Among the cutting-edge technologies being employed by public health experts to map various aspects of COVID-19 both at home and abroad, artificial intelligence (AI) faces a test under life-and-death circumstances. The ability of AI systems to undertake pattern detection and predict the spread of the pandemic and its treatments is promising. The benefit of machine learning includes its powerful ability to analyze historic data to find key variables. This task is dependent upon humans, however, specifically in the ability of data scientists who can work on creating data sets that supercomputers then can model. On a global basis, this will require pooling both technical and human resources.
Given the unprecedented nature of COVID-19, historic data inputted for AI analysis may be of limited value. Real-time data comparing growth curves in countries around the world, along with population and demographic information by neighborhood, may prove to be a better vein for producing actionable data anywhere and everywhere. Automated machine learning also may improve the efficiency of data scientists, enabling them to focus on new data generation while relying on computer-to-computer analysis of massive-scale number crunching.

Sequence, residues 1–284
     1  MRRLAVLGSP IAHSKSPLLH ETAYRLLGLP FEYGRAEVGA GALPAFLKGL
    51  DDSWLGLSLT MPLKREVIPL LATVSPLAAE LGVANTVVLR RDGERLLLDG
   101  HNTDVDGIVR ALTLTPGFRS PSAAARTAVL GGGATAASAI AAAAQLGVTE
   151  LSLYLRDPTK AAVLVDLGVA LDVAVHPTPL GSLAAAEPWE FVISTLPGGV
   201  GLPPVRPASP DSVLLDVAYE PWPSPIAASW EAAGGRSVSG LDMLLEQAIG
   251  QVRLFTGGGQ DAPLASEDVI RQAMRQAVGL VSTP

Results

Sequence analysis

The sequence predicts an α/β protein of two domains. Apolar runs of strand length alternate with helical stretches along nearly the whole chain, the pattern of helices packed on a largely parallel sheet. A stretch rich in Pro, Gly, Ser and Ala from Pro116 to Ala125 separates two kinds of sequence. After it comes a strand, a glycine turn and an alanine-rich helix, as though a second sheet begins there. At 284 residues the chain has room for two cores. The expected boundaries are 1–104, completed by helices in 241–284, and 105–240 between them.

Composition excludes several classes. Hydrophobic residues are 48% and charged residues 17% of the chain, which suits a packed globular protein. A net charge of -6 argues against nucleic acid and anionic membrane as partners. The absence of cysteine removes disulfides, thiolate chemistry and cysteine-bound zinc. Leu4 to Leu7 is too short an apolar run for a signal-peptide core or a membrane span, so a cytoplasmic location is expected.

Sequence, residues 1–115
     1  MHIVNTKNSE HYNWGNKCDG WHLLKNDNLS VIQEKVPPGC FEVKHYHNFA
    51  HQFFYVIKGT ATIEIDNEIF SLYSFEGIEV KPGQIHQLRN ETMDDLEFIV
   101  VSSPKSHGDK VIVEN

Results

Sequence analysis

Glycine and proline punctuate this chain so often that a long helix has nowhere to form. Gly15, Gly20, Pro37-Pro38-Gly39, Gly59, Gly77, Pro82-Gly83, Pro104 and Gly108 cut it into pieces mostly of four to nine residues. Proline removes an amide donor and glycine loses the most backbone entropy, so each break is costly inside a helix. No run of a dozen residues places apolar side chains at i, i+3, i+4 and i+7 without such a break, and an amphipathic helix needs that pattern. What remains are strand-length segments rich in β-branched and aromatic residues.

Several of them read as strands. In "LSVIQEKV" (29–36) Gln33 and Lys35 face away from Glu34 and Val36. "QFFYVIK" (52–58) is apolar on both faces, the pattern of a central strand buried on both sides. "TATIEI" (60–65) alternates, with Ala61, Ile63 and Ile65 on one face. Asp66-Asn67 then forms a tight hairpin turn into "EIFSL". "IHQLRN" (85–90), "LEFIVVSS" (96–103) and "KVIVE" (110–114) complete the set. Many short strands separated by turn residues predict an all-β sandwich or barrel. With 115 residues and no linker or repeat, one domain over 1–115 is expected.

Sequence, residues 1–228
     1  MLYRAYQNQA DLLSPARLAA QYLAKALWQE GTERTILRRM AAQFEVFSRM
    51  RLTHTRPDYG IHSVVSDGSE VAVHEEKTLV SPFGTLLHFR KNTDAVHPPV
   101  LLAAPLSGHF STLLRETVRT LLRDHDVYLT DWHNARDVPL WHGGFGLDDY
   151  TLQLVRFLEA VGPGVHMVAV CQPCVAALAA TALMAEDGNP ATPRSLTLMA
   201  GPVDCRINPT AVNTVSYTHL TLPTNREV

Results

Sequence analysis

Continue reading “Deploying U.S. AI Leadership for COVID-19”
Well informed observers of the tech industry have
cautioned against two things: economic downturn and government
regulation. Each had a palpable sense of the inevitable – not a matter of
if, but when. As we enter 2020, the conditions for both are present, if
not altogether ripe.
Dire predictions of a global recession have been hovering over the economy for
several quarters. But low interest
rates, strong consumer spending, and investor confidence have kept the economy
buoyant. The new China trade deal and record-high NASDAQ belie economic